Long-Term Safety of Diet Drugs Unknown

More Studies Are Needed, Canadian Researchers Say

From the WebMD Archives

Jan. 8, 2007 -- Canadian researchers say there is still far too little information about the long-term safety and effectiveness of three major weight lossweight loss drugs.

The researchers say major questions remain about the long-term safety of the obesityobesity drugs Meridia, Xenical, and Acomplia, and they argue that very little research is being done to answer these questions.

Meridia was approved by the FDA in 1997; Xenical won approval in 1999. Acomplia, also known as rimonabant, has not yet been approved for sale in the U.S., but it is available in Europe.

The three drugs act in very different ways. Meridia targets specific chemicals in the brain to reduce appetite, while Xenical helps prevent the absorption of fats from the foods users eat. Acomplia targets what is thought to be the brain's pleasure center to reduce food cravings.

Raj S. Padwal, MD, and Sumit R. Majumdar, MD, reviewed the research that has been done on the three antiobesity drugs, and concluded that the clinical trials have been limited by high drop-out rates among study participants and a lack of long-term data on illness and death.

Their findings appear in the Jan. 6 issue of the journal The Lancet.

"We have a good idea of how much weight loss to expect on average with these medications," Padwal tells WebMD. "But there is a lot we still don't know. If people are going to be put on these drugs long term we really need to know if they are doing more net benefit than harm."


Weight Loss Is Modest

Two-thirds of Americans are overweight or obese and one-third qualify as obese, according to the CDC. Worldwide, the International Obesity Task Force estimates that 1.1 billion people are overweight or obese.

"There is no other condition out there that affects so many people," he says. "That is why the search for effective treatments is so important."

In terms of promoting weight loss, none of the three drugs performed significantly better than the others in the clinical trials, which lasted up to four years. That weight loss could be characterized as modest, at best, Padwal says.

Studies suggest that Xenical can help lower cholesterol and reduce diabetesdiabetes risk, but Padwal and Majumdar conclude that it should probably be avoided by people with chronic diarrheadiarrhea.

Some studies have found a slight increase in blood pressure associated with Meridia use, so the researchers conclude that it should not be prescribed to people with poorly controlled high blood pressurehigh blood pressure "until further efficacy and safety data are available."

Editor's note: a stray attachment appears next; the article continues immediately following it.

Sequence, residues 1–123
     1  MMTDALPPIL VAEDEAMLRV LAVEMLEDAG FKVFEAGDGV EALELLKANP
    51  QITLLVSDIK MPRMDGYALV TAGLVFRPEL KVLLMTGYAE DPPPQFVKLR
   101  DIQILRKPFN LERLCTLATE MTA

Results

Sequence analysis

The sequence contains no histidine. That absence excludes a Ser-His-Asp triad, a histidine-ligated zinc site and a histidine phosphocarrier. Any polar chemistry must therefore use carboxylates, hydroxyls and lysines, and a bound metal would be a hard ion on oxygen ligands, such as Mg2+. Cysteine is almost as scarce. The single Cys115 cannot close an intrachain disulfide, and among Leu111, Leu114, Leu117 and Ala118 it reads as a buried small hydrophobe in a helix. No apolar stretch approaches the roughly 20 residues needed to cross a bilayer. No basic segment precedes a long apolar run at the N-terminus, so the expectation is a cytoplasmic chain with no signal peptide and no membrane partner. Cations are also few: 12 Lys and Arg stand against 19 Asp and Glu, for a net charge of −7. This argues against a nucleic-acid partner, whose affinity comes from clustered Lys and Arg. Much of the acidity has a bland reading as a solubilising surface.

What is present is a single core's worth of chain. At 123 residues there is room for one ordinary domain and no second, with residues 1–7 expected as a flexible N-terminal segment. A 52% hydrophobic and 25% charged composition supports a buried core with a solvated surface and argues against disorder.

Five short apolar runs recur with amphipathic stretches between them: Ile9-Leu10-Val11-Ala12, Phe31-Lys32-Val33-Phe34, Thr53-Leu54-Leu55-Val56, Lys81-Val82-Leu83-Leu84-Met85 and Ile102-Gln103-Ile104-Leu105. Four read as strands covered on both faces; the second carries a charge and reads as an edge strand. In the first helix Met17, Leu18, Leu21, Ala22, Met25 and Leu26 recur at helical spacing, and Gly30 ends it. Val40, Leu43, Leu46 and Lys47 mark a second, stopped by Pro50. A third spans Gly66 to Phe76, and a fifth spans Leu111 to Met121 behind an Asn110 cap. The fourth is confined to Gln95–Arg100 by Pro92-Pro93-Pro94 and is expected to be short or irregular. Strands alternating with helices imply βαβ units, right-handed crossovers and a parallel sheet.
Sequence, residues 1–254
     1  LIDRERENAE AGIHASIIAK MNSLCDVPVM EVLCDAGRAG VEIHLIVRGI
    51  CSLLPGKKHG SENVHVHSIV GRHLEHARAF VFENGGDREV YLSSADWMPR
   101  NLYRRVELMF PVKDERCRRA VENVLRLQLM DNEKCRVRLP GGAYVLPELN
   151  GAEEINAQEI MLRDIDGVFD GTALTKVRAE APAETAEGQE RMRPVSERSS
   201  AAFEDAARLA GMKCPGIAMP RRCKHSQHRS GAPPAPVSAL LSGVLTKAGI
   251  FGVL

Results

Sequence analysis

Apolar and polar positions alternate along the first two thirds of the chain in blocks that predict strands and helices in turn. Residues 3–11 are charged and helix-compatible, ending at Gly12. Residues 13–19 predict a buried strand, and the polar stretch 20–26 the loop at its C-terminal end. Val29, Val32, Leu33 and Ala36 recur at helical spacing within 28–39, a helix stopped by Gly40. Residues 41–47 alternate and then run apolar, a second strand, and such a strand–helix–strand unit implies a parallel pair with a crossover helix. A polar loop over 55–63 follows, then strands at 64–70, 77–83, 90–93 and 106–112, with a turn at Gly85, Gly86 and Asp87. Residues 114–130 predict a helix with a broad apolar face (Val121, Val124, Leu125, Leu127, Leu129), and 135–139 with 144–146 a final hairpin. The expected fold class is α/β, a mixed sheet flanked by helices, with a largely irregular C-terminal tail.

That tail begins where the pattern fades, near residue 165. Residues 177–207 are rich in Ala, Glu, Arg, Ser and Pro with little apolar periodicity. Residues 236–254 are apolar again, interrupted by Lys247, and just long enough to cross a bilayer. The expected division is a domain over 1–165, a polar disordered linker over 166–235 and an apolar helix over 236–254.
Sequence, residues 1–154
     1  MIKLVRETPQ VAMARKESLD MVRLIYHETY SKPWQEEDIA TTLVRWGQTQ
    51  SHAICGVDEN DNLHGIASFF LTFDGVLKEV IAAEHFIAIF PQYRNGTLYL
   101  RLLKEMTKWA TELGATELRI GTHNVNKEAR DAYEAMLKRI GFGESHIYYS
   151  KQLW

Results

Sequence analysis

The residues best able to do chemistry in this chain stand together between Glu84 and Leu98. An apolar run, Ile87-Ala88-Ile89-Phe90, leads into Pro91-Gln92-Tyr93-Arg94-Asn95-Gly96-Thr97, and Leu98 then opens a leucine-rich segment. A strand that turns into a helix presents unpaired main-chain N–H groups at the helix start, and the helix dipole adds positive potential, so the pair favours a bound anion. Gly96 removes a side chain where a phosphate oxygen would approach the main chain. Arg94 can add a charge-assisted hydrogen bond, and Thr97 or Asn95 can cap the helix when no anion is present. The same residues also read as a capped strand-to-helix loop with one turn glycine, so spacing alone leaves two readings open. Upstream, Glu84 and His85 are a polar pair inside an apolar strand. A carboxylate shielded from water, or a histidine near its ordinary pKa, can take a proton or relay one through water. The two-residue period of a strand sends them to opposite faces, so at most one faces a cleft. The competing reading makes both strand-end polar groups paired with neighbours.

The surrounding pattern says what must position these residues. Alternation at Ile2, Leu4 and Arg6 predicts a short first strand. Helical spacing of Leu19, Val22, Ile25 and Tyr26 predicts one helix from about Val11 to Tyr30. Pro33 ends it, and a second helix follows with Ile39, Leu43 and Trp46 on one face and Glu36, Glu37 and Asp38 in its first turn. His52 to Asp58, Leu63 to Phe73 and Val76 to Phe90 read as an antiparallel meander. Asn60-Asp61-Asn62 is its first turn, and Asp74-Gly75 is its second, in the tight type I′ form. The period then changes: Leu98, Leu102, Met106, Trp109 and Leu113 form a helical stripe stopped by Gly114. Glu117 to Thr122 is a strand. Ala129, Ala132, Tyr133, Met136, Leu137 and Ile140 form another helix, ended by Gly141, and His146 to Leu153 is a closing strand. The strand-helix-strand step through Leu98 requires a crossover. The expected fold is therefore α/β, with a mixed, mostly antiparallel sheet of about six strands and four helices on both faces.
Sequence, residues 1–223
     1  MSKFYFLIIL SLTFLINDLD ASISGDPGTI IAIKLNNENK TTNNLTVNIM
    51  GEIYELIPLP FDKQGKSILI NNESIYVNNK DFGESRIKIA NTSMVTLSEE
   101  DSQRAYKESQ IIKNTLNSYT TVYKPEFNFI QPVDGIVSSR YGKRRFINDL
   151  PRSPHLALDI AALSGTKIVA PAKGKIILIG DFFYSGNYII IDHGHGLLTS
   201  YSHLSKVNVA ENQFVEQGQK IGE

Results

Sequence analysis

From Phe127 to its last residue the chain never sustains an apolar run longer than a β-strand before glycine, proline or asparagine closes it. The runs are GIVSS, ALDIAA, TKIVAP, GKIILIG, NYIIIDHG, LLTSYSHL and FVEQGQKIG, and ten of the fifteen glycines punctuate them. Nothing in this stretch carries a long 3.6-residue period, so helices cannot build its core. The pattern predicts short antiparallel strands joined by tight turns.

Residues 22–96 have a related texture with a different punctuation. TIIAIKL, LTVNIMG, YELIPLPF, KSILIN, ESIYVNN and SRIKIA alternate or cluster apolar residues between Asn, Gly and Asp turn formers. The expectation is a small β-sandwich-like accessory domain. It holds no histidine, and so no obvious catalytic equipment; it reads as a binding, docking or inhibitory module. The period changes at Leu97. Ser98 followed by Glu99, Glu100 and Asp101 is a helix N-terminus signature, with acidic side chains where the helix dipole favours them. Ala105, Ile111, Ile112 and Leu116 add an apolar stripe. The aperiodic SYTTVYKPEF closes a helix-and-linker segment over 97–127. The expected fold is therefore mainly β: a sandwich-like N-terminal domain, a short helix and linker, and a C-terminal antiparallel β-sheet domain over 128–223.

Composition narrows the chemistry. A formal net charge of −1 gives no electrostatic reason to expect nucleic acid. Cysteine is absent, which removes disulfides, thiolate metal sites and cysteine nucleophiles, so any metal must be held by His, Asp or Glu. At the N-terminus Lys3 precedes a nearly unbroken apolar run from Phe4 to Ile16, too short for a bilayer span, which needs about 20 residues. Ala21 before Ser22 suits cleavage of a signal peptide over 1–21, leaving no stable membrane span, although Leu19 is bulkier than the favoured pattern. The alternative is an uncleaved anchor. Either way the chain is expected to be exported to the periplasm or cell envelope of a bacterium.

Meridia Trial Under Way

A large, ongoing trial evaluating Meridia in overweight patients with heart diseaseheart disease should provide some answers. Results from the study are expected in 2008.

Endocrinologist Holly Wyatt, MD, of the University of Colorado Health Sciences Center, says she is not overly concerned about the long-term safety of the prescription weight loss drugs that are now on the market.

"It is true that we don't have clinical trials that follow users for a decade or more, but we have as much data about the long-term safety of these drugs as we do about many other drugs that have been approved," she tells WebMD. "We have solid studies lasting from two to four years."

Manufacturer Responds

Meridia is made by Abbott Laboratories. Xenical is made by Roche Laboratories. Acomplia is made by Sanofi-Aventis. All three companies are WebMD sponsors.

WebMD attempted to contact all three manufacturers of the drugs.

A spokesperson for Abbott Laboratories says the company is committed to doing the kind of research called for in the review and pointed to the ongoing trial evaluating Meridia.

Roche Laboratories and Sanofi-Aventis did not respond to requests for comment.

WebMD Health News Reviewed by Louise Chang, MD on January 08, 2007


SOURCES: Padwal, R.S. The Lancet, Jan. 6, 2007; vol 369: pp. 71-77. Raj S. Padwal, MD, assistant professor, department of medicine, University of Alberta Hospital, Edmonton, Alberta, Canada. Holly Wyatt, MD, assistant professor of medicine, division of endocrinology, metabolism and diabetes, University of Colorado Health Science Center.

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